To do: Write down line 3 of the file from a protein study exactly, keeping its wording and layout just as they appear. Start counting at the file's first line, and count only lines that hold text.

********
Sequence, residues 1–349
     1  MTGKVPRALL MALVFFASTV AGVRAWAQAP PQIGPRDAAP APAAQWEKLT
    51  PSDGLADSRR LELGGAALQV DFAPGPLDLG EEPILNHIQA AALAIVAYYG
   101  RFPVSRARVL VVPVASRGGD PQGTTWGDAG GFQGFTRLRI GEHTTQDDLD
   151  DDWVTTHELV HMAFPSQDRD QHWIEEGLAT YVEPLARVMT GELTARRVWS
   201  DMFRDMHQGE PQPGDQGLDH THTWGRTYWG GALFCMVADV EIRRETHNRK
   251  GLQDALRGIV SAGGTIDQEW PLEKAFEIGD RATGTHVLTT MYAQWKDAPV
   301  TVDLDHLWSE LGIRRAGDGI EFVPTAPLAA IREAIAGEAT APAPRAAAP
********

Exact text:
    51  PSDGLADSRR LELGGAALQV DFAPGPLDLG EEPILNHIQA AALAIVAYYG